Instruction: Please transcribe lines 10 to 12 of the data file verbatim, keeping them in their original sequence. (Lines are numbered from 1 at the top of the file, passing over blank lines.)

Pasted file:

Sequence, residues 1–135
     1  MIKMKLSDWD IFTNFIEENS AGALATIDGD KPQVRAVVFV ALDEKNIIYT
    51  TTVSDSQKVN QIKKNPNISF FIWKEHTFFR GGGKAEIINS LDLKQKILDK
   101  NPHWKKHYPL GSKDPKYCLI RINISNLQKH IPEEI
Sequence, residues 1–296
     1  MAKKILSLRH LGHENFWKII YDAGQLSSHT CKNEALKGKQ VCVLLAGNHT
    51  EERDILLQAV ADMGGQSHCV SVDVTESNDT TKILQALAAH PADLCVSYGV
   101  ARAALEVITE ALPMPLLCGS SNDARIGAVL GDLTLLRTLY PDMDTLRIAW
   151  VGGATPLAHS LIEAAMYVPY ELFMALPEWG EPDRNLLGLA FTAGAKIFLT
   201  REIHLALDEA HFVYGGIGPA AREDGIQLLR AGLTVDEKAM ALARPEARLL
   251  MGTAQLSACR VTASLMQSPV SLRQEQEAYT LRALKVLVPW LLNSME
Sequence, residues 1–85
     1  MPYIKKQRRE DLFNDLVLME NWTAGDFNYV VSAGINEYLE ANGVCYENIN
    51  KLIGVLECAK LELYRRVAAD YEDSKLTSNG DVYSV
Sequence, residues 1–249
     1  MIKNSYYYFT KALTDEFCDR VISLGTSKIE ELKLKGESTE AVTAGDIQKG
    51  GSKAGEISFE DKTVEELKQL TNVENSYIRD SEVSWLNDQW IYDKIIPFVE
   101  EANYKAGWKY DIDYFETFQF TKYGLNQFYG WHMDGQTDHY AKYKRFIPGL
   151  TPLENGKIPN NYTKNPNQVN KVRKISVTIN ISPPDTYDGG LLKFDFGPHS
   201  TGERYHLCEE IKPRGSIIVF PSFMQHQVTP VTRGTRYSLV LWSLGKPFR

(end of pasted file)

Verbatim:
   201  REIHLALDEA HFVYGGIGPA AREDGIQLLR AGLTVDEKAM ALARPEARLL
   251  MGTAQLSACR VTASLMQSPV SLRQEQEAYT LRALKVLVPW LLNSME
Sequence, residues 1–85